If the commissioners approve the request, the money will be provided from the county's hotel bed taxes and will bring the county's funding of Carnival Center from the budgeted $3.75 million to $7.8 million for the year.
However, if the request is turned down, Carnival Center CEO Michael Hardy told the Herald that the center will have to prop itself up with private donations and money from advance ticket sales in order to remain open through July while additional funding is solicited from the county.
The full commission is scheduled to vote on the funding request on June 26.
Hardy told the commission's cultural committee last week that the fiscal problems are largely due to miscalculations and oversights in the center's estimated operating budget, according to the Herald. In total, monthly operating costs swelled from the planned $306,000 to $616,000. Next year's budget allows for $8.8 million in operating costs, according to the paper.
One major miscalculation, for example, was to budget air conditioning costs based on square feet of floor space (measured in two dimensions) rather than on cubic footage (i.e., the total space, measured in three dimensions, that needs to be cooled). Another overlooked expense mentioned in the Herald's report is the cost of police services on performance nights.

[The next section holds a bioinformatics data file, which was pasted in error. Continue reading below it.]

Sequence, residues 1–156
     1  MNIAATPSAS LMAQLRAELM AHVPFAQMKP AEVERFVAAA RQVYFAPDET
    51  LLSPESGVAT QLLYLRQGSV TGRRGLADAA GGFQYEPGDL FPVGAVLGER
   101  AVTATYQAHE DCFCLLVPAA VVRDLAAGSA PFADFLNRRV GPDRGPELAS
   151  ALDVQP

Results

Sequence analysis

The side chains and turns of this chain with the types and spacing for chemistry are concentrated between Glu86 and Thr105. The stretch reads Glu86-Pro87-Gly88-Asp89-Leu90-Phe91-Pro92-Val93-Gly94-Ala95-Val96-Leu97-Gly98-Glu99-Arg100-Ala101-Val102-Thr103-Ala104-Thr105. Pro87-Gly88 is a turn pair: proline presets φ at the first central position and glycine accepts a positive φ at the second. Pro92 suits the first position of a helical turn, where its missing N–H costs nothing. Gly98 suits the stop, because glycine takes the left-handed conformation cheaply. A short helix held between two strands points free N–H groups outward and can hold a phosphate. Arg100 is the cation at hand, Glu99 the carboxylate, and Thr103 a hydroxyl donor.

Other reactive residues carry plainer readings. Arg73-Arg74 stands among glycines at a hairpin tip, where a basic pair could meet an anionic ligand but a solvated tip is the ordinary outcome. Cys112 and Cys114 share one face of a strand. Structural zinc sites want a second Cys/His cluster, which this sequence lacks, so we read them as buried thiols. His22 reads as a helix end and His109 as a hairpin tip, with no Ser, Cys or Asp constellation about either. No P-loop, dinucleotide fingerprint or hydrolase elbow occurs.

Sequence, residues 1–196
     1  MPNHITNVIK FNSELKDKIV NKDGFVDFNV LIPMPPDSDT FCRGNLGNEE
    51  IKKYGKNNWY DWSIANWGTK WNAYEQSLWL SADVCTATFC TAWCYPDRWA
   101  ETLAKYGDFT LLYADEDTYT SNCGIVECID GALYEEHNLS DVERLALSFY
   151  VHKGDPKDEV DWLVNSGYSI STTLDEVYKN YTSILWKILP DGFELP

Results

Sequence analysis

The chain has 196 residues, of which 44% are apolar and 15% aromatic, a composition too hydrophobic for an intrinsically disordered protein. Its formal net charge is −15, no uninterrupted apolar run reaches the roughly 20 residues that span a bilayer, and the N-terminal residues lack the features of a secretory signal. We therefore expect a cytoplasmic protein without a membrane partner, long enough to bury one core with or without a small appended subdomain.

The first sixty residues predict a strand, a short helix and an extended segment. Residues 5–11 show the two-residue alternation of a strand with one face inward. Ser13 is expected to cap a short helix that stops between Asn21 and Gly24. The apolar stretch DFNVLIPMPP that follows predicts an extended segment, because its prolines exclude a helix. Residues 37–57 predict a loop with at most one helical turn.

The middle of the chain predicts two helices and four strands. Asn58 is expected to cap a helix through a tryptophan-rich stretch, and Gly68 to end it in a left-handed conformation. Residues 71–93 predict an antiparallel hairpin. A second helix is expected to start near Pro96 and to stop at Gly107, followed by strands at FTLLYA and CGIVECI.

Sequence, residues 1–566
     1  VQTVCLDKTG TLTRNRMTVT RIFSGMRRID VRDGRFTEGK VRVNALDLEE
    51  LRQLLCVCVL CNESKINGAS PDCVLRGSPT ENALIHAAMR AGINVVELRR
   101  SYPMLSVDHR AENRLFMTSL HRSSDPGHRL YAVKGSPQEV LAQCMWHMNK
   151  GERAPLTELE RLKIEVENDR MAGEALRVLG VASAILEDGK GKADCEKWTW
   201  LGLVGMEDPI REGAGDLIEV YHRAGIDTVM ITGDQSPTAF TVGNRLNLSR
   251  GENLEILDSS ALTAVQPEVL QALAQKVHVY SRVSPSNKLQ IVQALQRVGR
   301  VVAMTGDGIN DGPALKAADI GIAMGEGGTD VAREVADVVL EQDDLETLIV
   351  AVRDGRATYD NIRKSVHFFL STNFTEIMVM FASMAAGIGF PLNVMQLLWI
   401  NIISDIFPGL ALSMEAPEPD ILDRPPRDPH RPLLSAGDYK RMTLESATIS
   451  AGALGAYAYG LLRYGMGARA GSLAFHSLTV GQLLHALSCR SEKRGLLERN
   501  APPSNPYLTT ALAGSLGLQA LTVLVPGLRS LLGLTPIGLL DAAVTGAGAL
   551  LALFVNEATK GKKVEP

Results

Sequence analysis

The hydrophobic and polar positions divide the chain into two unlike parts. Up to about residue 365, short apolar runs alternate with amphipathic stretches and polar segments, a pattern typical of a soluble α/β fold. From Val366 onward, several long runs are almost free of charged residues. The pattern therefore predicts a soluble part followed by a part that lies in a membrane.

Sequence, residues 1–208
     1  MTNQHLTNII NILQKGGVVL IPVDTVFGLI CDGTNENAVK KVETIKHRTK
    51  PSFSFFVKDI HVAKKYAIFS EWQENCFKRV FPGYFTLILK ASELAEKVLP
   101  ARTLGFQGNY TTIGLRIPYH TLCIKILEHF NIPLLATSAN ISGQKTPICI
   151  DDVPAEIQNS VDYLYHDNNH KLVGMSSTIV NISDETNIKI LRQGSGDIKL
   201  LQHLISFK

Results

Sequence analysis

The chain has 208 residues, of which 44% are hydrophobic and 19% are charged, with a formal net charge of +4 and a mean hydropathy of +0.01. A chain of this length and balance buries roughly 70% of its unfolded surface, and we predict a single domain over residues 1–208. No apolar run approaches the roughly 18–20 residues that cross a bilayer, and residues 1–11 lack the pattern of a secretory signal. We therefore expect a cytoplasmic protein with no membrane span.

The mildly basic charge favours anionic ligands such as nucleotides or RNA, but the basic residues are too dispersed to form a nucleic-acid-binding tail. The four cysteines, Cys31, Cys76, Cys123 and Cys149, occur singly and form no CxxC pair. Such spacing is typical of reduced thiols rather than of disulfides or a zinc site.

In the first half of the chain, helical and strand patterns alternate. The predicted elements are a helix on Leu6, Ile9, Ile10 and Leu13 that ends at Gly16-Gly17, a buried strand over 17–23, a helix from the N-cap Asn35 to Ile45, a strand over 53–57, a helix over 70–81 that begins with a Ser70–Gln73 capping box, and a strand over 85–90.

Some county commissioners were reportedly incredulous at these oversights; one suggested that the center's patrons and board members "share in some of that pain" by paying for the cost overruns.
The Herald writes that the Performing Arts Center Foundation, which raises private money for the Carnival Center, will give the institution $2.7 million this year and plans to donate $3.5 million next year.